Welcome to the April 2015 edition of our immigration updates bulletins for New Zealand and the USA. These bulletins will provide you with all the latest immigration updates and developments that you will need if you are considering an overseas move.
Exemption from labour market check in certain circumstances. On February 1, 2015, Immigration New Zealand (INZ) waived the requirement for temporary work visa holders to complete a labour market check when applying for a further work visa (in certain circumstances). In order to benefit from the new labour market check waiver, the applicant must:
- Hold a temporary work visa
- Have applied for an Essential Skills work visa to continue working in that role
- Meet all other requirements of the Essential Skills work visa instructions
- Have been issued with an invitation to apply under the Skilled Migrant Category (SMC) and retain the ability to apply, or have made an application for residence under the SMC and that application has not yet been completed
- Have had their Expression of Interest selected in part on the basis of points claimed for skilled employment in the role they currently hold
If the applicant meets all of these conditions, they will not be required to complete a labour market check when applying for their further work visa. This will allow them to be eligible for a further work visa for twelve months. Normally, every application under the Essential Skills work instructions is subject to a labour market test. This test can be met by either:
- The position being listed on one of INZ’s Essential Skills in Demand lists, or
- INZ being satisfied that there are no New Zealanders who can do, or be readily trained to do, the job offered and that the employer concerned has genuinely searched for suitably qualified and trained New Zealand workers
H-1B cap: Premium processing begins April 27, 2015. The U.S. Citizenship and Immigration Services (USCIS) issued an announcement that it would begin premium processing for H-1B petitions subject to the FY 2016 cap on April 27, 2015. This includes premium processing of petitions seeking an exemption for individuals with a U.S. master’s degree or higher.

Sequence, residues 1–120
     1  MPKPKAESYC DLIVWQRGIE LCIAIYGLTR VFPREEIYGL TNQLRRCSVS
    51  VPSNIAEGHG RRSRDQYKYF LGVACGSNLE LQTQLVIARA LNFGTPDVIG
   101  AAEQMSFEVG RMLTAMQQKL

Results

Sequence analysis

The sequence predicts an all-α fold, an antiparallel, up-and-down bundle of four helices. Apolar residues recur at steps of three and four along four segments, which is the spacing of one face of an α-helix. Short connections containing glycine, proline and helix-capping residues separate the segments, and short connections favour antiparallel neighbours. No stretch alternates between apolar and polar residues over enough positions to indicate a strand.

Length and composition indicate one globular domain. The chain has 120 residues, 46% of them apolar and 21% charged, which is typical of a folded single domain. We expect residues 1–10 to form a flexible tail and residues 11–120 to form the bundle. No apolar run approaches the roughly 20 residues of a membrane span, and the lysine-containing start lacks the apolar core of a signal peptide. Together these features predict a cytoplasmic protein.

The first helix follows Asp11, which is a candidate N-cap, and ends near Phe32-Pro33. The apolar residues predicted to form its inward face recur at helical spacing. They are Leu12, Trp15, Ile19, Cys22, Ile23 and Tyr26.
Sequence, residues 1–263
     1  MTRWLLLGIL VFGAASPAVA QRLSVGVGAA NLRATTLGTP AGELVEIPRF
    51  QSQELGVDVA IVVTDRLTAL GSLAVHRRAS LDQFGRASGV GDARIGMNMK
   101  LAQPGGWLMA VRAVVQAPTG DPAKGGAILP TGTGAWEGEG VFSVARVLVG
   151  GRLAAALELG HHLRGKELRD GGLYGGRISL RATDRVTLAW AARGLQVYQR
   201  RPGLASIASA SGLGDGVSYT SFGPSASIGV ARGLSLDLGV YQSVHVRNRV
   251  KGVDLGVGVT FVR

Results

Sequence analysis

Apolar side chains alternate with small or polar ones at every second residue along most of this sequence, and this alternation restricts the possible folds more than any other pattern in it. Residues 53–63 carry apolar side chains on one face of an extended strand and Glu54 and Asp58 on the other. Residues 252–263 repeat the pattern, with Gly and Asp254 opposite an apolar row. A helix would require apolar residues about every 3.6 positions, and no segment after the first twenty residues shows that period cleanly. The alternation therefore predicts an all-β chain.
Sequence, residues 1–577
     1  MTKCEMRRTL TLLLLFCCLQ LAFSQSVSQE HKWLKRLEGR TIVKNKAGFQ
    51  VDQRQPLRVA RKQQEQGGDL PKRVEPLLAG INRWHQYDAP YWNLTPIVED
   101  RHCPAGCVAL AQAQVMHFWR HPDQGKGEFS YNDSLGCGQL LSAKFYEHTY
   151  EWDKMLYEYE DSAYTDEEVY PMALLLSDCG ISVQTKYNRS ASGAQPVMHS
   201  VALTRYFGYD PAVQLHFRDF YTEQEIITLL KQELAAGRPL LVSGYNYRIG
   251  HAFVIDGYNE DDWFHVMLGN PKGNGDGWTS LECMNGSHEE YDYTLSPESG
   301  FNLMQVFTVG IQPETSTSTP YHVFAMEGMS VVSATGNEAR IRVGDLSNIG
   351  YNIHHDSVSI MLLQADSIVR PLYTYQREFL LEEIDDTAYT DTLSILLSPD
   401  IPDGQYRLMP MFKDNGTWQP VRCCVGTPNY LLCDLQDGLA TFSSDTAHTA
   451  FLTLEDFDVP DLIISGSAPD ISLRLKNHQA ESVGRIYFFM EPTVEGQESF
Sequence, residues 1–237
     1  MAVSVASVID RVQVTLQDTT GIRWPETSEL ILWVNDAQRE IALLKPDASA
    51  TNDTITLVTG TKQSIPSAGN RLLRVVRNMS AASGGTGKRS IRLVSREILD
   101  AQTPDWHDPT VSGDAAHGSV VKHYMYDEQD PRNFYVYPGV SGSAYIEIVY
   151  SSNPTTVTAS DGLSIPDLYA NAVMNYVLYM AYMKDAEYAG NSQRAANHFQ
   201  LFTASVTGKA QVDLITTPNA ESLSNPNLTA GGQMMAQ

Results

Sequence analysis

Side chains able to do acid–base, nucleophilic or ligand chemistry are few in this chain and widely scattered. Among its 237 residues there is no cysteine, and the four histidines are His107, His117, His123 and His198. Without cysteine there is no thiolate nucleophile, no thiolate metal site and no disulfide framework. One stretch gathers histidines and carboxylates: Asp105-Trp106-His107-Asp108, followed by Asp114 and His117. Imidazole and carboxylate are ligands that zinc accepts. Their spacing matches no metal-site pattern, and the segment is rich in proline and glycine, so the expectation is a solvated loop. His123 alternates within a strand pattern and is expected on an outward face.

Normally, the USCIS provides a premium processing service for certain employment-based petitions and guarantees a 15-calendar-day processing time. The USCIS temporarily adjusted its premium processing practice due to the historic premium processing receipt levels, combined with the possibility that the H-1B cap would be met in the first five business days of the filing season. For H-1B petitions that are not subject to the cap and for any other visa classification, the 15-day processing period for premium processing service begins on the date that USCIS receives the request. However, for cap-subject H-1B petitions, including advanced degree exemption petitions, the 15-day processing period set by 8 CFR 103.7(e)(2) will begin on April 27, 2015, regardless of the date on the Form I-797 receipt notice, which indicates the date that the premium processing fee is received.
L-1B policy memorandum released by USCIS
The United States Citizenship and Immigration Services (USCIS) released a draft L-1B policy memorandum that provides guidance on L-1B adjudications. The draft policy memorandum intends to supersede prior L-1B memos and provide a single consolidated guide with standardized definitions for “specialized knowledge” and “advanced knowledge”, as well as guidance around third-party worksites.
The L-1B policy memorandum outlines a practical approach for officers adjudicating L-1Bs, establishing the “preponderance of evidence” test as the controlling standard of proof for all L-1B petitions. The memorandum also interprets existing statutory and regulatory authorities to promote consistency and compliance with the L-1 Visa Reform Act. The L-1B program was created by Congress so that multinational companies could more effectively transfer their employees with specialised knowledge to their U.S. operations, and enhance their ability to leverage their workforce. The public comment period on the proposed policy statement will close on May 8, 2015. The final policy will take effect on August 31, 2015, and will govern L-1B adjudications after that date.
Disclaimer: The immigration updates above are for general information purposes only and should not be construed as legal advice.